Grace demonstrates the many lessons learned over the past year with their ambitious sophomore EP, THINGS THAT ARE BAD FOR ME. Songs like “If Nobody Likes U” and the unorthodox first single, “Pretty Girl,” exult in Grace’s own journey of personal growth and self-evolution while also pushing the boundaries of how that story can be told. Grace has spent considerable time working with rising producers and co-writers, including Andy Seltzer, Cameron Hale, Alex Wilke, Jake Aron, and songwriter Charli Adams, but the often provocative results are unquestionably all their own.
“I like to test the waters of typical things that you don’t talk about,” Grace says. “I think I’ve tested it before with ‘I Wanna Be a Boy,” but that was still leaning into a very stereotypical queer story. And now, as I’ve gotten more comfortable with my identity and just being who I am without apology, I’m really lucky to have an audience that lets me talk about these intricacies of queerness.”
Indeed, Grace’s songs touch upon themes previously unheard in modern pop. “Pretty Girl” in particular stands out, its irresistible energy and powerhouse hooks carrying one of Grace’s most candid lyrics thus far, stirred by “the grief that happens after you come out.”
“Usually you get these really happy or dramatic stories of coming out,” Grace says, “where people are finally living as themselves and so happy. And that’s true. For me, personally, I was happy to finally exist as someone who was trans masculine. But I was also sort of grieving that some people that I loved, and were very close to me, still wanted me to be the girl that they knew. There was one really prominent person I had been in love with,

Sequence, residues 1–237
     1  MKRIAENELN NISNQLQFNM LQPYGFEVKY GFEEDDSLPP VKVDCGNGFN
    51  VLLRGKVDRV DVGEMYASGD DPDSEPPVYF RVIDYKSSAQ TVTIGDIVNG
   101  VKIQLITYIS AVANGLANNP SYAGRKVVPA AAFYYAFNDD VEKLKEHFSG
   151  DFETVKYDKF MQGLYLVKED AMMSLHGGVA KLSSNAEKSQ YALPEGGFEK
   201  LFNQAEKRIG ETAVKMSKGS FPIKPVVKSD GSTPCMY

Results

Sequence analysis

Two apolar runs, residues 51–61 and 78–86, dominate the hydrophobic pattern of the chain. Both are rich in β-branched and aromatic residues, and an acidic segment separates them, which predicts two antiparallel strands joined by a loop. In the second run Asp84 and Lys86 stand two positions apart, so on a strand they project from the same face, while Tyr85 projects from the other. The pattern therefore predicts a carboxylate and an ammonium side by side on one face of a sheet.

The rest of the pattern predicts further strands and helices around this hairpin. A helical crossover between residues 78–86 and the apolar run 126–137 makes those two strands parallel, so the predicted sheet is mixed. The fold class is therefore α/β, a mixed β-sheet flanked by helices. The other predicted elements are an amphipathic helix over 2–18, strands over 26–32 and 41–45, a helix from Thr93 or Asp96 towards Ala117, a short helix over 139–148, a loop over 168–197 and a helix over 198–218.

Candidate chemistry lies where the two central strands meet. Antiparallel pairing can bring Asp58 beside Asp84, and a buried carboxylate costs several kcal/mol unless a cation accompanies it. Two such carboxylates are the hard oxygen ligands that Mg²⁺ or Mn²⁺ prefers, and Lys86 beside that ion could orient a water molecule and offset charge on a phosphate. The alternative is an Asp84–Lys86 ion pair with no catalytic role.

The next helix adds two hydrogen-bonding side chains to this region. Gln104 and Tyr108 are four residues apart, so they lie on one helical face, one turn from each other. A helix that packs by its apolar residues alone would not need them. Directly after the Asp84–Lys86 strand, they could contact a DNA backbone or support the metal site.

a person who still to this day I consider a soulmate, but the thing was, they weren’t attracted to men, they were only attracted to women and I kind of almost blamed myself for them not being able to be attracted to me anymore. It’s this weird feeling of wanting to be a guy for me, but also wanting to be a girl for them. It was so thoroughly confusing. The whole point of ‘Pretty Girl’ is to emphasize that I know, to them, I’m always going to be that pretty girl but I’m not going to get back into that closet of self-hatred just to be with them. It’s like a weird conflict of, "I miss you but I don’t want to change myself.”
As their unconventional journey to approach new terrain, Addison Grace admits time feels both condensed and moving faster than they had ever previously imagined, their sense of self constantly colliding with their perpetual motion as a artist. Having come so far so fast, Grace is more eager than ever to test their adventurous spirit as they grow into their own skin like all of us, expressing it through what is already a truly inimitable personal chronicle told through glorious song after song.
“From when I was 19 to 21, those two years are such a drastic difference,” says Addison Grace. “The first music that I released and how my style was then, it’s completely different to how it is now. And it’s going to keep doing that. When I’m 23, I’m going to look at my 21-year-old self and be like, it’s the same person but drastically different.”